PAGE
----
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    There seems to be something insincere about this approach; surely our God, if he existed, would see right through this, no? This would be a calculated belief, it does not seem to be in the Spirit of the Christian scriptures. Well, I am not the first to make this objection. – Gordon Oct 28 '17 at 15:08
  • Why do people serve God or act at all? All action is induced by physical or psychological urge in one or the other way. Of course a God, having created men as they are, would know and accept that. That's why I am not the least fearful. If a God and an afterlife exists (which I doubt) he will accept my sceptical position as the only appropriate one - at least for my person. – Heinrich Oct 28 '17 at 15:27
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    @Heinrich He 'will accept [your] sceptical position as the only appropriate one'? Such confidence, especially given the vast majority of the world's major religions claim otherwise. It comes across as rather arrogant that you think a perfect being would think the same way you do, and consider the way you think to have been the best option in your circumstance. – Piomicron Oct 28 '17 at 17:30
  • @Piomicron: The world's major religions are rubbish in my eyes. No reason to consider anything of their "holy books". This simple nonsense of atavist people and of their modern advocates and interpreters has less than nothing to do with a possible God. – Heinrich Oct 28 '17 at 17:43
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    @Heinrich Physics itself violates the laws of Chemistry. Why are you preoccupied with miracles violating the laws of Physics? Besides which, usually, the point of praying is changing something within yourself than outside yourself. – Piomicron Oct 29 '17 at 9:23

It is irrational to pray due to the nature of rationality. Ration-ality involes partitioning, rationing or isolating parts from a collective whole (ie. Deductive thinking). Rationality is much the same as arithemetic but using only rational proportions of real numbers as truths. Real numbers are required to directly represent some aspect of observable reality. For example when we tally the results of an election, each vote is counted as 1 real thing that exists. In the same way rationality requires a factual basis for reasoning. There is no observable factual benefit in praying when action is imperative, besides perhaps clearing and focusing the mind to act out intentions more effectivly. Prayer is based on the assumption that god exists. However because god is fundamentally un-observable, god is not subject to rational treatment or proofs. Therefore, to pray when action is imperative is to be irrational (the exact opposite of rationality)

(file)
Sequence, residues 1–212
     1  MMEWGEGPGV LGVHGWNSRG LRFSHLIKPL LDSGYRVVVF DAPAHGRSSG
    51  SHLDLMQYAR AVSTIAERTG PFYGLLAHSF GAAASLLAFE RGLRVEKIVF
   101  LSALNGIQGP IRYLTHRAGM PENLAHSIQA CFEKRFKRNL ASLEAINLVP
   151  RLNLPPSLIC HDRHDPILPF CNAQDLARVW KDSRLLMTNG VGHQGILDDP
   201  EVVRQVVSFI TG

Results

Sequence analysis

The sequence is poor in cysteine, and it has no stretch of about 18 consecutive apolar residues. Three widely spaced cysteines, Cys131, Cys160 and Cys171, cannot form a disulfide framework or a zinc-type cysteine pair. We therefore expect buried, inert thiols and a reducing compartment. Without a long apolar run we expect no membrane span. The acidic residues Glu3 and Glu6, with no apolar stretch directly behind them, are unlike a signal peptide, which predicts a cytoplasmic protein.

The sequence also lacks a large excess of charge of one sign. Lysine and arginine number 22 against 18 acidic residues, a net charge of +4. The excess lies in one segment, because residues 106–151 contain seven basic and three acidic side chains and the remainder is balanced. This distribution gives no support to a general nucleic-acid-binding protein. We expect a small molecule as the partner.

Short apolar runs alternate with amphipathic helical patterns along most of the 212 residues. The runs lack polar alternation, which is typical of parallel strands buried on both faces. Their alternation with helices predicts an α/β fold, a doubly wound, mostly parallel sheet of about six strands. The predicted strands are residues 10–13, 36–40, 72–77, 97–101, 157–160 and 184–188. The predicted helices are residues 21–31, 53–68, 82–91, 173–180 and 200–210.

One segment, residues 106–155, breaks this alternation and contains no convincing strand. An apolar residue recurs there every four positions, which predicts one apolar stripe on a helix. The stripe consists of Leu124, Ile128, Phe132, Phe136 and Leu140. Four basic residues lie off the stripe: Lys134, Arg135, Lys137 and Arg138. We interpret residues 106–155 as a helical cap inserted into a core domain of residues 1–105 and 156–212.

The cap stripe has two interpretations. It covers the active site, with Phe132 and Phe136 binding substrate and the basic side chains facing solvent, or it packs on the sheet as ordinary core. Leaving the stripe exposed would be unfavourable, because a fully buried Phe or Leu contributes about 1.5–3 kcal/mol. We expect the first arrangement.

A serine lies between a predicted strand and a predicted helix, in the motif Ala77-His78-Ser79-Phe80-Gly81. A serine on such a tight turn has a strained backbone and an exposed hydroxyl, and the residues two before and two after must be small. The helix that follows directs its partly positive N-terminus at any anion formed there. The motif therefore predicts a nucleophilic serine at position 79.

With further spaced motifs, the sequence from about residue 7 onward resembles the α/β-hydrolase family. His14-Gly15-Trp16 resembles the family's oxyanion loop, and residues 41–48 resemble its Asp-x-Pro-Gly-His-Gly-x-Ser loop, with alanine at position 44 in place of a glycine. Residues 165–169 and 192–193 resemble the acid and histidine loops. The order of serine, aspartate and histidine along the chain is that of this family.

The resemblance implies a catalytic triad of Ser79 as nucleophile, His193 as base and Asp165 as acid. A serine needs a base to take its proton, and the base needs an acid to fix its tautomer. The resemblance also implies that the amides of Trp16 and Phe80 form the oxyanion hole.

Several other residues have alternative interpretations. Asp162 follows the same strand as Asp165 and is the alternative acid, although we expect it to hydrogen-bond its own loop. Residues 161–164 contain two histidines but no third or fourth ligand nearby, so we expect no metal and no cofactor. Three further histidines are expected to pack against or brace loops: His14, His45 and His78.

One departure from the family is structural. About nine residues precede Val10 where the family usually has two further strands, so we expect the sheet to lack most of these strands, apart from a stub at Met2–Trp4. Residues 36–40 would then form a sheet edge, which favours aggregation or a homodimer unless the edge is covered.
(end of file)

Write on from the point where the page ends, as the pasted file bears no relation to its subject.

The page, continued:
It would depend on why the praying is actually done. If the praying is done because you hope something good may happen by pure luck then it should not be considered irrational. Take for example someone who prays that his or her blind date tonight will be the one. Praying can put the person in a more positive mood and this may be a very good start for a relationship. Praying may also provide comfort and mental rest to a person. This may also have a positive impact on the physical health of a person. In this way it is much like meditation or yoga. If the praying is done because one expects a god to listen and intervene, then that is irrational, as there is no evidence whatsoever that such a god exists. Any claim of succes by this reason can be explained by the first form of prayer or by pure randomness. So following Laplace, also for this no god is needed. Using Pascal's wager for the latter reason and saying that it is not much effort anyway is incorrect. One would have to pray to so many thousands of possible gods to make sure one addressed the right one (as the vast majority of the religions would not recognise a prayer to another god as valid) that it is more than a full-time occupation.

In short, there is nothing irrational about praying, but it is irrational to expect a god will listen and/or intervene.

Some of the information contained in this post requires additional references. Please edit to add citations to reliable sources that support the assertions made here. Unsourced material may be disputed or deleted.

  • Yes, and a further issue is that the most profound form of prayer is speechless and thoughtless and allows of no divide between God and Man, or Reality and Appearance. I recommend Evagrios on Prayer to anyone wondering about the deeper forms of prayer. . – PeterJ Nov 3 '17 at 13:23

protected by Philip Klöcking Nov 3 '17 at 13:15